Since the existence of Police Locker (or "Koler" as Kaspersky Lab dubs it) has been publicly revealed, researchers have been following the workings of a Traffic Distribution System (TDS) that leads users to it.
The gateway of this distribution system is a network of automatically created pornographic sites (nearly 50 of them) that all look similar, are located on the same server, and don't provide original material.
These domains redirect visitors to a "controller" domain (videosartex.us) that takes stock of the parameter in the URL, the referrer, the user agent and the geographical location of the visitor's IP, and redirects users accordingly.
Victims using Android devices and who are located in one of 30 countries for which Police Locker has fake police messages are redirected to a page that contains an APK file called animalporn.apk.
This application and variants of it impersonate legitimate apps, and users have to approve the download and run them in order for their device to be infected.
All other users except those using Internet Explorer are redirected to browser ransomware websites, and IE users land on sites hosting the Angler exploit kit, which, at the time of the analysis, was not functional.
During the period when researchers kept an eye on the campaign, the mobile infection domain was visited by almost 200,000 visitors, 80% of which were from the US. Since July 23, the mobile part of the campaign has been disrupted and, according to the researchers, the C&C server has started sending an "Uninstall" request to victims.
"The use of a pornographic network for this 'police' ransomware is no coincidence: the victims are more likely to feel guilty about browsing such content and pay the alleged fine from the authorities. This psychological factor can be the difference between a failed campaign and a successful one," Kaspersky Lab experts pointed out.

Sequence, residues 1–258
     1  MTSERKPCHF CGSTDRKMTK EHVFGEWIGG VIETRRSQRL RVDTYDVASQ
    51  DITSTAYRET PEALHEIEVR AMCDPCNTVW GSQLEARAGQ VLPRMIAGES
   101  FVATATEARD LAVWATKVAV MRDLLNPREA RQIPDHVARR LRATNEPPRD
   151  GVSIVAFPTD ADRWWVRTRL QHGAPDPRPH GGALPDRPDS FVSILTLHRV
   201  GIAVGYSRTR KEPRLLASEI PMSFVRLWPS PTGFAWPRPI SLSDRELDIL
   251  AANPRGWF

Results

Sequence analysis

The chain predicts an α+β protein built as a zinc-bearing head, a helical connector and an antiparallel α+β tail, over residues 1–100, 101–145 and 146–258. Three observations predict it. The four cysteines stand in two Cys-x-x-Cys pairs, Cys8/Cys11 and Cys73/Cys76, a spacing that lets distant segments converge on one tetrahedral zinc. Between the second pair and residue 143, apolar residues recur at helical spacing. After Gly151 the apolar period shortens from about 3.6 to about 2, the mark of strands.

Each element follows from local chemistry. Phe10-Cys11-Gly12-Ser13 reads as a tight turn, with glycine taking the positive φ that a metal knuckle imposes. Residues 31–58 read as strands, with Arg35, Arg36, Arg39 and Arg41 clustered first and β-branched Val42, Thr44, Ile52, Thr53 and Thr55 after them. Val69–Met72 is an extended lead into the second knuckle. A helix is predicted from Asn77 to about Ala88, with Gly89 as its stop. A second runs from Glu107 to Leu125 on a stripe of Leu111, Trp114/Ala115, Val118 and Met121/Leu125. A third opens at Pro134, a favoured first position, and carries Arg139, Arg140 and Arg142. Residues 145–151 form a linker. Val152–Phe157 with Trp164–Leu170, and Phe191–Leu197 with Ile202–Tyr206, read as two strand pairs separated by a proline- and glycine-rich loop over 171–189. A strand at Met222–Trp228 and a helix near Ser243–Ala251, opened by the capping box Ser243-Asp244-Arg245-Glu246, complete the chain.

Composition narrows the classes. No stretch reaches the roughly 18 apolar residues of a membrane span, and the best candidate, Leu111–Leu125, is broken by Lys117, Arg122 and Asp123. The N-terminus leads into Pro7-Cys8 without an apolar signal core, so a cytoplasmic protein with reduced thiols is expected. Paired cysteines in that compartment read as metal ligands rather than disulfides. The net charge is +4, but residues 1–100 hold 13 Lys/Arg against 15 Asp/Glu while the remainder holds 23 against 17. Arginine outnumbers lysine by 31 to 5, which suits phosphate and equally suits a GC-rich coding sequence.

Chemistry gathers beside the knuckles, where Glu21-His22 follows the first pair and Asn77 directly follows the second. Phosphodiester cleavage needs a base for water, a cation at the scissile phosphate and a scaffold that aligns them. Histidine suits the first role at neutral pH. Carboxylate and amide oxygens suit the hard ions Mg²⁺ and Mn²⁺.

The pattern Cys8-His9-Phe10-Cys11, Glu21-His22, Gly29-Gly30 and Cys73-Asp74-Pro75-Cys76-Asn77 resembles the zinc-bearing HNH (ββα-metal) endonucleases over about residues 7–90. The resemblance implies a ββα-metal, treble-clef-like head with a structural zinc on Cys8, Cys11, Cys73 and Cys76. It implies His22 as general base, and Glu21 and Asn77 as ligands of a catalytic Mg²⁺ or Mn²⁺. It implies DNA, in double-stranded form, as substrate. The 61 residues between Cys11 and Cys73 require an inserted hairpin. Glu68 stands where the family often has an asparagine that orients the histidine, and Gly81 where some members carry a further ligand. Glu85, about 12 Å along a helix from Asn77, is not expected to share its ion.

Police Locker is not a destructive piece of ransomware - it doesn't encrypt files on the infected device, nor does it perform advanced blocking - it simply blocks the screen of the device and asks for money to be paid to the "police" via stored-value cards (MoneyPak) or electronic payment systems such as Ukash.
It's difficult to deinstall the malware while the blocking browser window keeps popping up, but a factory reset of the device gets rid of it. Unfortunately, you'll also loose data stored on the device and apps you've installed.
Still, there are many inexperienced users who won't know what to do and will ultimately pay the requested "fine."
And while the malware is not complex, the distribution infrastructure obviously is.
"We believe this infrastructure demonstrates just how well organized and dangerous these campaigns are that are currently targeting, but not limited to, Android users," the researchers say.
"The attackers can quickly create similar infrastructure thanks to full automation, changing the payload or targeting different users. The attackers have also thought up a number of ways for monetizing their campaign income in a truly multi-device scheme."
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